Stopping bullets

NIJ 0101.06

Known simply as NIJ O6, this standard establishes minimum performance requirements and test methods for the ballistic resistance of personal body armor.

The key ingredients in the NIJ 06 testing recipe are: providing adequate protection for all officers; safeguarding against a variety of ballistic threats; and designing armor that offers complete and consistent protection over its lifetime. But this benchmark omits one key ingredient: officer comfort. And this is a hurdle today’s body armor manufacturers have strived to overcome since the standard’s release in 2008.

“Comfort, heat and weight are all things that affect officers’ decisions to put on their vests,” says Matthew Davis, CEO of Central Lake, Mich.-based Armor Express. “We are constantly evaluating new materials and designs to make armor lighter and more comfortable without sacrificing the ballistic protection required by NIJ.”

Fiber manufacturers and body armor companies have met the challenges NIJ 06 presents and have kept comfort top of mind through the use of new materials, hybrid vest designs, and carrier innovations.

Less is more

When it comes to body armor, less is certainly more. The lighter the vest, the more likely it is to be worn. Yet the 06 standard, meant to afford officers better protection, hampered manufacturer’s abilities to keep weights down.

“The changes to the standard—the water testing, the higher velocities, the new ballistic threats, the more aggressive shot patterns, the accelerated aging—all compounded to make for a much more aggressive standard,” says Davis. “As a result weights did increase.”

While initial NIJ 06 offerings weighed 10 to 15 percent more than earlier vests, more significant weight reductions have been achieved by partnering with material suppliers such as DSM Dyneema, DuPont, Honeywell and Teijin. “We now work with new engineered materials that help us achieve better ballistic performance, heat and conditioning resistance, and all while decreasing weight,” says Angela Milligan, director of global marketing at Diamondback Tactical. “As a result, we saw a less than a five percent increase in weight, which is also noted by our Synergy IIIA vest, one of the lightest armor vests with tri-compliance testing available on the market today,” she says.

These new materials aided manufacturers in producing vests at weights near those possible under the previous standard. Armor Express’ The Razor vest, for instance, is constructed out of a proprietary blend of Kevlar and Dyneema and weighs 0.81 pounds per square foot.

“We’ve been able to remove weight pretty quickly,” says Mark Smith, vice president of sales and marketing at Point Blank Solutions Inc. of Cincinnati, Ohio. Today’s ballistic packages, he says, typically average 1 1/2 pounds per square foot, with some coming in at less than one pound per square foot. Point Blank’s Vision Level II concealable vest weighs just 0.98 pounds per square foot and is 0.3 inches thick, but it protects against 2-, 4-, 16- and 64-grain RCC bullets.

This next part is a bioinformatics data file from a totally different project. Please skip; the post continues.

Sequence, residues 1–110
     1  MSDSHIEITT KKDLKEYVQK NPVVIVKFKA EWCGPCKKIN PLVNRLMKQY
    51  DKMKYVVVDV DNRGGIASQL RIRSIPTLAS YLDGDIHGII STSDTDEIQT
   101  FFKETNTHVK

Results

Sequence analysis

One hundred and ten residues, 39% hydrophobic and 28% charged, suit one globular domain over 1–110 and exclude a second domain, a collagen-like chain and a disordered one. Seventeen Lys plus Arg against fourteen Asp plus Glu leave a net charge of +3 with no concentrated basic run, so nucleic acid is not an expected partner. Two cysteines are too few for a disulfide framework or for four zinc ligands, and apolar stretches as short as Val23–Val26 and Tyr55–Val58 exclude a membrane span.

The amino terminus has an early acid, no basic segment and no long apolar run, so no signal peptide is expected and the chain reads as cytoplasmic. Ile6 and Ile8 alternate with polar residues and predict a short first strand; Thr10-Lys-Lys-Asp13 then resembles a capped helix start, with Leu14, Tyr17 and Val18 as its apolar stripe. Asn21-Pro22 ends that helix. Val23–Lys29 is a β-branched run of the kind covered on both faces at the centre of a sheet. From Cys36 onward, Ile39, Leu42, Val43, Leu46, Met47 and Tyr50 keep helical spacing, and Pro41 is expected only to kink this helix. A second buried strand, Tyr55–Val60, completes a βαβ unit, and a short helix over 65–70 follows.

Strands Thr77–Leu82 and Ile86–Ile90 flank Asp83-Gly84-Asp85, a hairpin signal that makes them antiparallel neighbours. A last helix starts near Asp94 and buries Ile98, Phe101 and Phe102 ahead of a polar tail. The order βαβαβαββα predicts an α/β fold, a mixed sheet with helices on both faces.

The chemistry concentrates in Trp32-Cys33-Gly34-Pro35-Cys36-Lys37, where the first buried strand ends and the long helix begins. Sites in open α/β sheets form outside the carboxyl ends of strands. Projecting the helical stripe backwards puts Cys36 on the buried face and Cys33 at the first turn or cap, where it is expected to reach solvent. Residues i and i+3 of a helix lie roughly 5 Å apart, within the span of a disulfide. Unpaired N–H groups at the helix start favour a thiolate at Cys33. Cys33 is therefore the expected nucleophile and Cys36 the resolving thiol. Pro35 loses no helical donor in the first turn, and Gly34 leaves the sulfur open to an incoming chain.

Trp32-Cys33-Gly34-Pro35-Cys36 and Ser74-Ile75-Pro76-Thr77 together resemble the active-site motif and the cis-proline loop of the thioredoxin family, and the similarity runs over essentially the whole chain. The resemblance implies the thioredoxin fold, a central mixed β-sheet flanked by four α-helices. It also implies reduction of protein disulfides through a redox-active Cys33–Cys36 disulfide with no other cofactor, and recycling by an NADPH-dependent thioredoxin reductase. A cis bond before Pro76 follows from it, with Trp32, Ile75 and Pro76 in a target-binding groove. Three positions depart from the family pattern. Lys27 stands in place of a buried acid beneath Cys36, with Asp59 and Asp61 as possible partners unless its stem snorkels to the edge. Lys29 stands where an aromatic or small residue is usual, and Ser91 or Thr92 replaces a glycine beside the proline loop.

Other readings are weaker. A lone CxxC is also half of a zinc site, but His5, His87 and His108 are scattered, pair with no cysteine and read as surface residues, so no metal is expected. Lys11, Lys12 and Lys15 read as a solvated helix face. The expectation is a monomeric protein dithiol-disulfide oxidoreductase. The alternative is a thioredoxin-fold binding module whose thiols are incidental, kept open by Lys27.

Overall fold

“Innovation usually catches up to anything that changes in the standard, and that’s exactly what has happened,” says Bob Weber, director of ballistic development for Safariland of Ontario, Calif. “The difference is that the lighter, midline, lightweight vests have more nonwoven products in them than they had previously.”

He explains today’s vests incorporate aramid and polyethylene nonwovens in their designs, and utilize hybrid designs that enable manufacturers to achieve lighter weights and greater flexibility. “I sometimes have three to four materials in a single product,” he says.

Manufacturers like Safariland are also adding materials like Unequal’s DEFCON technology, a trauma sports material found in helmets and umpire vests, in order to keep weights down. This composite material enables Safariland to produce thin and flexible vests. The proprietary formulation absorbs and dissipates more energy per square inch than traditional trauma products and reduces more blunt force trauma in one panel than several layers of ballistic materials combined, notes Weber.

Manufacturers also see nanoparticle technology as a possible means to an end. Most bullet-resistant vests utilize multiple layers of Kevlar, Twaron or Dyneema fibers to stop bullets from penetrating by spreading the bullet’s force over a larger area. Even with this protection, wearers may still be left with blunt force trauma. The elasticity of nanotechnology’s carbon nanotubes may enable manufacturers to reduce blunt force trauma without increasing vest weights.

“We are looking at advancements in nanoparticle technology, which absorbs and distributes energy and seems to have some utility in bullet-resistant vest design,” says Weber.

Some like it wet

“When you get bullet-resistant materials wet, it renders them ineffective. The weave opens up and expands and puts holes or gaps in the material,” says Melissa Allerman, vice president of Sonobond Ultrasonics of West Chester, Pennsylvania.

This fact is the impetuous behind the NIJ 06 testing protocol, which requires body armor test panels to be dunked in water for 30 minutes before shot testing. “Armor manufacturers are now using ultrasonic welding to meet this requirement,” says Taylor.

Ultrasonic welding seals the ballistic panel edges without stitching to prevent water and moisture from seeping in and degrading their ballistic integrity. But it’s not to be confused with heat-sealing, says Allerman, who points out that ultrasonic welding is a completely different process.

“Heat sealing exposes an outside heat source to the material, but ultrasonic welding generates very little heat,” she explains. “It coverts electrical energy into mechanical energy when it passes through piezoelectric crystals under compression.”

Sonobond teamed with nylon manufacturers producing materials for ballistic panel outer-coverings to add a low-melt urethane coating to one side of the nylon. This coating allows manufacturers to ultrasonically weld these coverings. Currently Brookwood Companies Inc. produces the nylon used in Sonobond’s ultrasonic welding process.

Sonobond’s SeamMaster ultrasonic welding system cleanly cuts and seals the nylon’s edges in one pass. “The ultrasonic horn transmits energy to the material,” Allerman says. “It vibrates at 20,000 times a second, and excites the molecules in the thermoplastics to seal the edges.”

While Brookwood isn’t the only manufacturer of such materials, it produces the only nylon that works with Sonobond’s technology, which is utilized by most body armor manufacturers, according to Allerman.